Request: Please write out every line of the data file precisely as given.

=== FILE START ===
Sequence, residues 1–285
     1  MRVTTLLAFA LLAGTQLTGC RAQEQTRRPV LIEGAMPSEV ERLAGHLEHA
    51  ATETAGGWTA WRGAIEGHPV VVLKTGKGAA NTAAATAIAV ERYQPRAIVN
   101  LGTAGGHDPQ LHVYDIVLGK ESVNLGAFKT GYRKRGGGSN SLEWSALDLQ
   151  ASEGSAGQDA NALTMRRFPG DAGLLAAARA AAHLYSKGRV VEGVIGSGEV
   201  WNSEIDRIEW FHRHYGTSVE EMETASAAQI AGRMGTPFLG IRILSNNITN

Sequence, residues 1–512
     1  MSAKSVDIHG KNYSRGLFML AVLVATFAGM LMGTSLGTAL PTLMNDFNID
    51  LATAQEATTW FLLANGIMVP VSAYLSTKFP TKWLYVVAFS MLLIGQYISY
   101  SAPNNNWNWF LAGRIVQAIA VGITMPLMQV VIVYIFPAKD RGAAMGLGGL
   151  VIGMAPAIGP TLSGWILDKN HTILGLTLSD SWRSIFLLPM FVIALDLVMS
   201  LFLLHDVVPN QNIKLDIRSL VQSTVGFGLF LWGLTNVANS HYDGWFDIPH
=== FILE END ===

Sequence, residues 1–285
     1  MRVTTLLAFA LLAGTQLTGC RAQEQTRRPV LIEGAMPSEV ERLAGHLEHA
    51  ATETAGGWTA WRGAIEGHPV VVLKTGKGAA NTAAATAIAV ERYQPRAIVN
   101  LGTAGGHDPQ LHVYDIVLGK ESVNLGAFKT GYRKRGGGSN SLEWSALDLQ
   151  ASEGSAGQDA NALTMRRFPG DAGLLAAARA AAHLYSKGRV VEGVIGSGEV
   201  WNSEIDRIEW FHRHYGTSVE EMETASAAQI AGRMGTPFLG IRILSNNITN

Sequence, residues 1–512
     1  MSAKSVDIHG KNYSRGLFML AVLVATFAGM LMGTSLGTAL PTLMNDFNID
    51  LATAQEATTW FLLANGIMVP VSAYLSTKFP TKWLYVVAFS MLLIGQYISY
   101  SAPNNNWNWF LAGRIVQAIA VGITMPLMQV VIVYIFPAKD RGAAMGLGGL
   151  VIGMAPAIGP TLSGWILDKN HTILGLTLSD SWRSIFLLPM FVIALDLVMS
   201  LFLLHDVVPN QNIKLDIRSL VQSTVGFGLF LWGLTNVANS HYDGWFDIPH